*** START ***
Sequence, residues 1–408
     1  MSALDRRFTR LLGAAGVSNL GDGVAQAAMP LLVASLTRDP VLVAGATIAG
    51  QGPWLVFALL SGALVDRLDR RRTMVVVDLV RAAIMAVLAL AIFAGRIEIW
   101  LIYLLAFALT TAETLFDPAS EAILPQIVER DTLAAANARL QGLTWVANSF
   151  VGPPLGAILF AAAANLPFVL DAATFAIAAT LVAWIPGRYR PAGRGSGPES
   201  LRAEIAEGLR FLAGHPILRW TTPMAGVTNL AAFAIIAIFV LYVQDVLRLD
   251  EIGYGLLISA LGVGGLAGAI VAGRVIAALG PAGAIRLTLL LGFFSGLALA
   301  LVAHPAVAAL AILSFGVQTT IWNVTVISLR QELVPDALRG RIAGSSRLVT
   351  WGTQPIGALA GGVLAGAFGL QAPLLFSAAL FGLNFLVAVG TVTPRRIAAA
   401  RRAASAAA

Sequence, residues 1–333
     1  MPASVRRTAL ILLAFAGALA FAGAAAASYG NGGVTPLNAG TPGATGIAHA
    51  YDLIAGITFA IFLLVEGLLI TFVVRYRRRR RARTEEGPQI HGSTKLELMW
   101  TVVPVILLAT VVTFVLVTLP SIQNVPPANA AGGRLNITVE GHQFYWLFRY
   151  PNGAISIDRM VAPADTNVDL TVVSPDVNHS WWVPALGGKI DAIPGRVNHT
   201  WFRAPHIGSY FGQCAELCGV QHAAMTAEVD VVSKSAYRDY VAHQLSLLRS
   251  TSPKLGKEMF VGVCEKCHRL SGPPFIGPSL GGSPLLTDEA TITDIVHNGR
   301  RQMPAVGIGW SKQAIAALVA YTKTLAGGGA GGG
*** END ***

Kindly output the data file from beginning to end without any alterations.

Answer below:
Sequence, residues 1–408
     1  MSALDRRFTR LLGAAGVSNL GDGVAQAAMP LLVASLTRDP VLVAGATIAG
    51  QGPWLVFALL SGALVDRLDR RRTMVVVDLV RAAIMAVLAL AIFAGRIEIW
   101  LIYLLAFALT TAETLFDPAS EAILPQIVER DTLAAANARL QGLTWVANSF
   151  VGPPLGAILF AAAANLPFVL DAATFAIAAT LVAWIPGRYR PAGRGSGPES
   201  LRAEIAEGLR FLAGHPILRW TTPMAGVTNL AAFAIIAIFV LYVQDVLRLD
   251  EIGYGLLISA LGVGGLAGAI VAGRVIAALG PAGAIRLTLL LGFFSGLALA
   301  LVAHPAVAAL AILSFGVQTT IWNVTVISLR QELVPDALRG RIAGSSRLVT
   351  WGTQPIGALA GGVLAGAFGL QAPLLFSAAL FGLNFLVAVG TVTPRRIAAA
   401  RRAASAAA

Sequence, residues 1–333
     1  MPASVRRTAL ILLAFAGALA FAGAAAASYG NGGVTPLNAG TPGATGIAHA
    51  YDLIAGITFA IFLLVEGLLI TFVVRYRRRR RARTEEGPQI HGSTKLELMW
   101  TVVPVILLAT VVTFVLVTLP SIQNVPPANA AGGRLNITVE GHQFYWLFRY
   151  PNGAISIDRM VAPADTNVDL TVVSPDVNHS WWVPALGGKI DAIPGRVNHT
   201  WFRAPHIGSY FGQCAELCGV QHAAMTAEVD VVSKSAYRDY VAHQLSLLRS
   251  TSPKLGKEMF VGVCEKCHRL SGPPFIGPSL GGSPLLTDEA TITDIVHNGR
   301  RQMPAVGIGW SKQAIAALVA YTKTLAGGGA GGG